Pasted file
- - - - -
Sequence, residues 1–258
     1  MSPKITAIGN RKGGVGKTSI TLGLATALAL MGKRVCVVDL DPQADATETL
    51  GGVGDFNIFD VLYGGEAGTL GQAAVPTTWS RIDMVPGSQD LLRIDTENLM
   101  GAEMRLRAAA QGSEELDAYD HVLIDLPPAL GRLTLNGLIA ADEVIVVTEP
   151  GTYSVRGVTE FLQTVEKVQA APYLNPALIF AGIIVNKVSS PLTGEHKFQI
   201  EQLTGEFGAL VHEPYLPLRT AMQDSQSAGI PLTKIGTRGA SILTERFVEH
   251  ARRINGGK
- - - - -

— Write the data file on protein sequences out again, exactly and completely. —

Sequence, residues 1–258
     1  MSPKITAIGN RKGGVGKTSI TLGLATALAL MGKRVCVVDL DPQADATETL
    51  GGVGDFNIFD VLYGGEAGTL GQAAVPTTWS RIDMVPGSQD LLRIDTENLM
   101  GAEMRLRAAA QGSEELDAYD HVLIDLPPAL GRLTLNGLIA ADEVIVVTEP
   151  GTYSVRGVTE FLQTVEKVQA APYLNPALIF AGIIVNKVSS PLTGEHKFQI
   201  EQLTGEFGAL VHEPYLPLRT AMQDSQSAGI PLTKIGTRGA SILTERFVEH
   251  ARRINGGK